Table 1: Correlation of mast cell density using toluidine blue and c-kit between control and various stages of OSF.
fig1
Figure 1: Detection of mast cells in (a) normal buccal mucosa and (b) oral submucous fibrosis using toluidine blue stain where the cells exhibit metachromasia.
fig2
Figure 2: Detection of mast cells using immunohistochemical staining method (c-kit) in (a) normal buccal mucosa, (b) stage 2 OSF, (c) stage 3 OSF, and (d) stage 4 OSF.

Furthermore the mean mast cell densities in different stages of OSF and control were compared. Statistical analysis suggested that comparison of the mast cell densities obtained using toluidine blue and c-kit was significant ( ) in control as well as stage 3 and stage 4. However the results obtained for stage 2 OSF (Table 2) were not in accordance.

tab2
Table 2: Correlation of mast cell density among c-kit and toluidine blue between control and various stages of OSF.

Within the group, no significant differences were observed in the mean mast cell densities by using both techniques (Table 3), although there was a naked eye difference in the number of mast cells, which were more obtained using c-kit.

tab3
Table 3: Correlation of mast cell density within group among various stages of OSF.

4. Discussion

Oral submucous fibrosis (OSF) is a premalignant fibrotic condition. Several lines of evidence suggest that mast cells may participate in fibrotic process. It has been well established that oral squamous cell carcinoma (SCC) progresses in a multistep fashion: initially from normal epithelium, hyperkeratosis, premalignant dysplasia, and carcinoma in situ to invasive SCC. Angiogenesis as well as number of mast cells appeared to show a linear increase from normal oral mucosa, hyperkeratosis, and premalignant dysplasia to invasive SCC [10]. Studies on mast cells have noted that their number increases during initiation of OSF and abundant mast cells are observed in stage 1 and stage 2 of OSF [3, 11]. These findings suggested that mast cells may upregulate angiogenesis in oral squamous cell carcinogenesis, perhaps via the release of mast cell tryptase. Thus number of mast cells may be used as indicator for disease progression.

Toluidine blue and immunohistochemical staining techniques are known to reliably identify mast cell granules. In this study, the mast cell density was assessed using both of these techniques. Our study group involved 30 cases of OSF and 10 controls. The mast cell density obtained using c-kit was higher in different stages of OSF as compared to normal mucosa. However the mean mast cell density assessed using toluidine blue for stage 2 was more as compared to control and was nonsignificant between stage 3, stage 4 and control. The comparison of mast cell density between control and various stages of OSF among c-kit and toluidine blue showed significant difference in the mean mast cell density in the control group. However, no significant difference in the mean mast cell density for stage 2 was shown. There was significant difference in the mean mast cell density for stage 3 as well as stage 4 as compared to control. These findings are against the previous study by Bhatt and Dholakia [11].

Comparison of the mean mast cell density within the group showed no significant difference using either c-kit or toluidine blue. Although there was visible difference in the mean mast cell density among the various stages of OSF using c-kit as well as toluidine blue, statistical analysis suggested the difference as nonsignificant. This indicates limitations of the test to detect the difference of interest using inadequate sample size.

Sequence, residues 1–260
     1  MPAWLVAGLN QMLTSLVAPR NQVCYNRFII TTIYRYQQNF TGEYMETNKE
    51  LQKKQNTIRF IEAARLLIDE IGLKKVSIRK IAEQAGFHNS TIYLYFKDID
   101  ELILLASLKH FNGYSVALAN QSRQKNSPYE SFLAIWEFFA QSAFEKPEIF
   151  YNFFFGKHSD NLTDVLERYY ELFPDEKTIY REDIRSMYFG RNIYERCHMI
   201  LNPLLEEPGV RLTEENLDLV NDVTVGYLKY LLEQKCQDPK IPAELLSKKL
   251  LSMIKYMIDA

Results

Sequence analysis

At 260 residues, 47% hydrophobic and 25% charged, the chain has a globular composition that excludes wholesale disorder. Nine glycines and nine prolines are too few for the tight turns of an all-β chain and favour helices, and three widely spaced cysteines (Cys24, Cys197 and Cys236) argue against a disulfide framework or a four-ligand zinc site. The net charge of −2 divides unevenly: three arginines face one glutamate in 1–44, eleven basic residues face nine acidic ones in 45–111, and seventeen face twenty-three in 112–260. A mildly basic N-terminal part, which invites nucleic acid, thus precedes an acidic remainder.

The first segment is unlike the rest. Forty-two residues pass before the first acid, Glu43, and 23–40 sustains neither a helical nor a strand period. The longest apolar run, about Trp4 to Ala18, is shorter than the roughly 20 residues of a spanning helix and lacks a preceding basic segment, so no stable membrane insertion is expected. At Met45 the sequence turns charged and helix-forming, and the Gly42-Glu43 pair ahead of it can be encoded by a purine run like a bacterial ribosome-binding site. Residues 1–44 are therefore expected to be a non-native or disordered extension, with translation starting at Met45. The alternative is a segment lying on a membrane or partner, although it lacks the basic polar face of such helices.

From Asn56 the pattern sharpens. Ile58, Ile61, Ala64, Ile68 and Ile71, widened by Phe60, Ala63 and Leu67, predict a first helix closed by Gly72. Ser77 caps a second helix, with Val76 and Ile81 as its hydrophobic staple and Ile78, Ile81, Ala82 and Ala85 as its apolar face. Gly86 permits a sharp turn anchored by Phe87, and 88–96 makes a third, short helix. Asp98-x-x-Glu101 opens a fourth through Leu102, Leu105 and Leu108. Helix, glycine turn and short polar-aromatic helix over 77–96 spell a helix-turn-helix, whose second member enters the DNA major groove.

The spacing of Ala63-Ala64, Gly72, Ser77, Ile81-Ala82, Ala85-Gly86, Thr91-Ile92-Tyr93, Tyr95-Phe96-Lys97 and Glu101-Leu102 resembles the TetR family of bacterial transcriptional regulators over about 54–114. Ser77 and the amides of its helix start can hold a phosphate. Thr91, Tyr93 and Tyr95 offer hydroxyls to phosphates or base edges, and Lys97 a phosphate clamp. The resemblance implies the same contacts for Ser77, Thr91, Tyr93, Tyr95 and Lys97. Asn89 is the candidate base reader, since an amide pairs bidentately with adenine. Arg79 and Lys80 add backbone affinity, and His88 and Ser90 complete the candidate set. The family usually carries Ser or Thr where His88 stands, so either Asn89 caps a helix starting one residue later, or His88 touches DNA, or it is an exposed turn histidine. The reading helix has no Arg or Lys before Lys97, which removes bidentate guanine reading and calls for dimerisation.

As the results suggested that the number of mast cells obtained using c-kit was definitely more than that obtained with toluidine blue, it was confirmed that the staining techniques play an important role in identifying number of mast cells in various stages of OSF. This can be attributed to difference in the staining principles of these two techniques. The immunohistochemical staining is based upon the principle of strong membrane (antigen-antibody reaction) as well as cytoplasmic staining while toluidine blue staining is based upon metachromatic staining principle. The mast cells contain metachromatic granules and their functional status is associated with cell degranulation. Thus degranulated mast cells are unlikely to be stained using toluidine blue. This technique may also stain cells such as macrophages and fibroblasts due to presence of released mast cell granules as a result of phagocytosis, and it may fail to stain immature mast cells as they may not contain these granules. In recent study by Rodini et al. it was shown that immunohistochemical technique is more specific than metachromatic staining [12]. Similarly during this study the mast cell densities obtained using c-kit were always higher as compared to toluidine blue suggesting specificity of the immunohistochemical staining. Thus the results confirm that c-kit is a more reliable technique for evaluating mast cell densities as well as their expression.

5. Conclusion

Our findings suggest that as the stage of OSF progresses from I to IV the number of mast cells increases and remains constant at that number but does not drop down in higher stages as against the results obtained using toluidine blue. The present study confirms c-kit to be more specific as well as reliable technique for expression of mast cells in OSF.

Conflict of Interests

The authors declare that they have no conflict of interests.

Acknowledgment

The authors thank Dr. Anita Borges for her kind support during the study period and Medilinkers Research Consultancy for their guidance in the preparation of the paper.